After the Storm
Two Little Pearls for post-Katrina America:
After the Storm: Compassion, Wisdom, Change (3:13 min)
After the Storm (30 sec)
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The four minute After the Storm compilation, developed for film festivals and presentations, can be downloaded here:
And here is our YouTube version, not uploaded in HD:
Can the devastating power of Hurricane Katrina also share with us the power of compassion and community?
The two After the Storm Little Pearls speak to the need for our nation to reconsider our priorities.
The Story Behind After the Storm
The After the Storm Pearls are inspirational, as all Little Pearls are, yet they are also op-ed pieces, intended to be thought-provoking.
Statue of Liberty
The original concept for After the Storm came to Linda McLean, Executive and Creative Director of Little Pearls, through compelling dreams and intuitions that began three days after the world woke up to the suffering caused by Hurricane Katrina. The words on the Statue of Liberty (“Give me your tired, your poor..”), memorized by many Americans as children, kept going through Linda’s mind. The compassion and grace in these words did not mesh with what we were seeing in the Gulf Coast, so powerfully and relentlessly broadcast in the media.
After the Storm (30 seconds) juxtaposes the Statue of Liberty’s familiar, historic poem of American caring with images of the devastation in Hurricane Katrina’s aftermath. After the Storm invites the viewer to consider the apparent discrepancy between American ideals and our current reality, and to help create positive change to close the gap. This Pearl does not give answers – those must come from each of us, and from our shared wisdom and efforts.
After the Storm is more challenging and intense than earlier Pearls; one friend calls it a “medicine Pearl”. It seemed to have a will of its own, requiring multiple attempts at ending lines, music and even footage. The ending lines include words that can have more than one meaning. Several friends and professionals served as a loose focus group – their feedback, ideas and even resistance were all part of the process.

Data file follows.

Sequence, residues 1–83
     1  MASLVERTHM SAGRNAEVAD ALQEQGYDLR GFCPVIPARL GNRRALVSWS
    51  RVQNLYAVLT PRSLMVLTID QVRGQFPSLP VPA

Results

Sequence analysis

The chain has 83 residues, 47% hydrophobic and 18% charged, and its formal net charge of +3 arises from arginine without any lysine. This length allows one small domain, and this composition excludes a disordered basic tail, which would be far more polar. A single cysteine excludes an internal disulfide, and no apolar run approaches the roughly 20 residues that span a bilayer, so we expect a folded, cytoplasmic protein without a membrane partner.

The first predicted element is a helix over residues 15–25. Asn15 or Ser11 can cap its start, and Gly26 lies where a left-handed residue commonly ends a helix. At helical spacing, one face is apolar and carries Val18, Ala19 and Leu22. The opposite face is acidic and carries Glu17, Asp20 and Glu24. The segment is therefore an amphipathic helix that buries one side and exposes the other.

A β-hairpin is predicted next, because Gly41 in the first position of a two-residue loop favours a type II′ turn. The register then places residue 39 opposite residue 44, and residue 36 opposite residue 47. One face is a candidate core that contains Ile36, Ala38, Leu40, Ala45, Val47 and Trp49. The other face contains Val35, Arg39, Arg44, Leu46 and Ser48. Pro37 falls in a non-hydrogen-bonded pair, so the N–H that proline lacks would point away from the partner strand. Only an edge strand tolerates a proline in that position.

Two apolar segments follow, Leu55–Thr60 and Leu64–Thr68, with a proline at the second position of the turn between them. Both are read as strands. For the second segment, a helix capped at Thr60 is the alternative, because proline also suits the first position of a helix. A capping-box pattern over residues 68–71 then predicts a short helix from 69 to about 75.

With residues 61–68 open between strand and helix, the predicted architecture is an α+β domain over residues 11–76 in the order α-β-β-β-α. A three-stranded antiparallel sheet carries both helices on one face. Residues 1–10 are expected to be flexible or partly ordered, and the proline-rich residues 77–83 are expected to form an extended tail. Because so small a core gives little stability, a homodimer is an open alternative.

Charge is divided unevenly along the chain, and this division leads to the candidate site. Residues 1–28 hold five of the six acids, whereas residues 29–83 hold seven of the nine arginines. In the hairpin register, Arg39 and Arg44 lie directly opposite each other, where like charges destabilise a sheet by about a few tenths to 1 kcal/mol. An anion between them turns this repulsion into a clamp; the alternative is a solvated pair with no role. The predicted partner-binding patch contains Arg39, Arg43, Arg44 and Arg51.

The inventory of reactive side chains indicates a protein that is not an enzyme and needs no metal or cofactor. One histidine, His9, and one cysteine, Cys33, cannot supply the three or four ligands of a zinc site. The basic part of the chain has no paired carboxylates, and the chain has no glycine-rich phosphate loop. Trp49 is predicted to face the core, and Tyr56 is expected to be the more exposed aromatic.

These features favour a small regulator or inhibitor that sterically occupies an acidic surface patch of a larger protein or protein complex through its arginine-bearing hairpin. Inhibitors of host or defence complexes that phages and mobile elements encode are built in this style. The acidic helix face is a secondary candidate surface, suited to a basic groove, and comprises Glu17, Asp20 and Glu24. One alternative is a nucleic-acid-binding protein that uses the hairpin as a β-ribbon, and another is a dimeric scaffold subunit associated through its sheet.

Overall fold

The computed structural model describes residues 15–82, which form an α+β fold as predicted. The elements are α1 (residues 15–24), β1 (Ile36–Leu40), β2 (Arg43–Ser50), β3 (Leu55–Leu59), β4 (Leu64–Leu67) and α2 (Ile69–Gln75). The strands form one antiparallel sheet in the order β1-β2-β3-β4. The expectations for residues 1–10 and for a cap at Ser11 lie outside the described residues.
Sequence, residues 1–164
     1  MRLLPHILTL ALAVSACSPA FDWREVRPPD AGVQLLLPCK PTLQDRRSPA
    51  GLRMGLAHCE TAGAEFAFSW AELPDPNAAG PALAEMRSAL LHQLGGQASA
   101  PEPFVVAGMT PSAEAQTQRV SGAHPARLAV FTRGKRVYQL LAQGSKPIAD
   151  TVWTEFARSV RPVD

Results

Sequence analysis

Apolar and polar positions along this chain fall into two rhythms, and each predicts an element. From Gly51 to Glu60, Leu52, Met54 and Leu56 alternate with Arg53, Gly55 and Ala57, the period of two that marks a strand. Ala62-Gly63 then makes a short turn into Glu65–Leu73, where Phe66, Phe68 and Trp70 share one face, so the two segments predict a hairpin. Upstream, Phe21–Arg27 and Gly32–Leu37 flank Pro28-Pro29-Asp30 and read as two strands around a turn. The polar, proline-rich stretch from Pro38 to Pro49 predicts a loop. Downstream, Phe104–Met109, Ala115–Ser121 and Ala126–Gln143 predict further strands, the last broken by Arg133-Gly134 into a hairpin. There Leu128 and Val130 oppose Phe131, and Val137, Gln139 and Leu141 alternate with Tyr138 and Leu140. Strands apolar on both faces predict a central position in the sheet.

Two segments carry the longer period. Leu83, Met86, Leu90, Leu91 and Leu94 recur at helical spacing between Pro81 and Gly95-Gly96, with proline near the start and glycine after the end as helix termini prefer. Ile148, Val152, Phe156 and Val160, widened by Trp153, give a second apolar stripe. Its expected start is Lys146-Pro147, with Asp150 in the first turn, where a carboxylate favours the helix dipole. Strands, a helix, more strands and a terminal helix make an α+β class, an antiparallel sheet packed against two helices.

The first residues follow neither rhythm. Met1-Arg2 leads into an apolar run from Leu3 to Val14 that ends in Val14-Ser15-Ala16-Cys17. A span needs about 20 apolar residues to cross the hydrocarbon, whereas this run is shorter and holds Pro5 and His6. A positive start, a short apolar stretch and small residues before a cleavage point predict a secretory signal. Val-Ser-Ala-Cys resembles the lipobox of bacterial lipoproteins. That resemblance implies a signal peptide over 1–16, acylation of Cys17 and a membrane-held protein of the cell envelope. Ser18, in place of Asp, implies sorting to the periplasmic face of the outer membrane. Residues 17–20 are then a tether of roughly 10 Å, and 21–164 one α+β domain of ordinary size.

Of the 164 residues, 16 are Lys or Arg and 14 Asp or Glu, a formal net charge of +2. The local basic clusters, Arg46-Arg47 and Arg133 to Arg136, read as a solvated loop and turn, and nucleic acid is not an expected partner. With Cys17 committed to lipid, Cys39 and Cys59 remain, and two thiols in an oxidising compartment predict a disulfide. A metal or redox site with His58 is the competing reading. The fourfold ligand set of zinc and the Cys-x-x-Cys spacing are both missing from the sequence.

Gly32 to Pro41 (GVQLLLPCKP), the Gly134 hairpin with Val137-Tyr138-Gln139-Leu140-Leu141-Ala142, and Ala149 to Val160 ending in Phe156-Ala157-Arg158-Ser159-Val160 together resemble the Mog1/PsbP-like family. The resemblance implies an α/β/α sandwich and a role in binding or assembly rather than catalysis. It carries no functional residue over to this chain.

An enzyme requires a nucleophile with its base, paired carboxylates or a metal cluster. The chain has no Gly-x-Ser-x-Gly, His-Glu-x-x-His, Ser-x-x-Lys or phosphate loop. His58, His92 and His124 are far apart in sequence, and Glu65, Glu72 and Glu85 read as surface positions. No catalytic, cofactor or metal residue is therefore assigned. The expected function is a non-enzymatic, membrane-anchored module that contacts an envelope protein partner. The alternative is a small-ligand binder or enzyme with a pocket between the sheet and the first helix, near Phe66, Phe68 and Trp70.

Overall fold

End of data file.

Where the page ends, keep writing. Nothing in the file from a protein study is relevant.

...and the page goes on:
Five of Linda’s friends who care deeply about their community and the world – and who can also speak from the heart with power and ease – were asked to look right into the camera. They said those familiar words on the Statue of Liberty, our national symbol of compassion, hope and freedom, from Emma Lazarus’ poem “The New Colossus,” written in 1883:
“Give me your tired, your poor,
Your huddled masses yearning to breathe free,
The wretched refuse of your teeming shore.
Send these, the homeless, tempest-tost to me,
I lift my lamp beside the golden door!”
The Statue of Liberty is a wonderful symbol for America at her best. She holds a torch instead of a sword – a light for the masses looking for a new, better life. She lights a way for us through the darkness – but we must find and follow the path ourselves.
After the Storm: Compassion, Wisdom, Change
(3:13 minutes) was unplanned. It arose from the deep empathy, love and wisdom in the spontaneous responses of our five on-camera speakers to three questions, captured while shooting for After the Storm(:30):
- What do you hope will change in the wake of Katrina?
- How have you been changed?
- Why did you choose to help send a message with this Little Pearl?
This is our first BIG Pearl at slightly over 3 minutes. Inspirational and moving, it is more like a traditional Pearl, yet it also challenges the viewer. This one came together easily. The big Pearl is meant to be viewed just before the little Pearl, as it reveals the hearts of our speakers and sets the context. Both After the Storm Pearls are a mix of high definition studio and standard definition news footage – another first for us.
Purpose: The After the Storm Pearls are intended to challenge American viewers to remember who we are and what we cherish at the deepest levels; to consider the bigger issues for ourselves; to participate as citizens in constructive dialogue and change; and to take inspired action. They were created to encourage open thought, dialogue and citizen participation for the daunting challenges and choices ahead.
Our hope is that: America is waking up after the storm. The truth can change us – for good.
Context: The After the Storm Pearls address our post-Katrina country as a whole – not just those most directly affected by the crisis. This hurricane shattered more than lives, property and communities over a huge part of our Gulf Coast. It broke the heart of America open, creating a national “pattern interrupt” – an unexpected point of choice for individual Americans and for our country.
A sense of helplessness from exposure to the unfolding disaster, the prolonged suffering and our once-“invisible” social, economic and environmental problems had a profound impact on so many of us. We are prompted now to look more carefully at what happened and at what we can do to make a difference in the future, in the Gulf Coast and beyond.
Human beings are generous in times of crisis, but how long will the generosity last? Will we address any of the deeper, underlying problems? We have allowed a shift in national priorities that leaves more and more people, animals, communities and natural systems at risk – just one disaster away from ruin. Did “we the people” consciously choose this? Have we been too busy with our own lives to notice or speak out?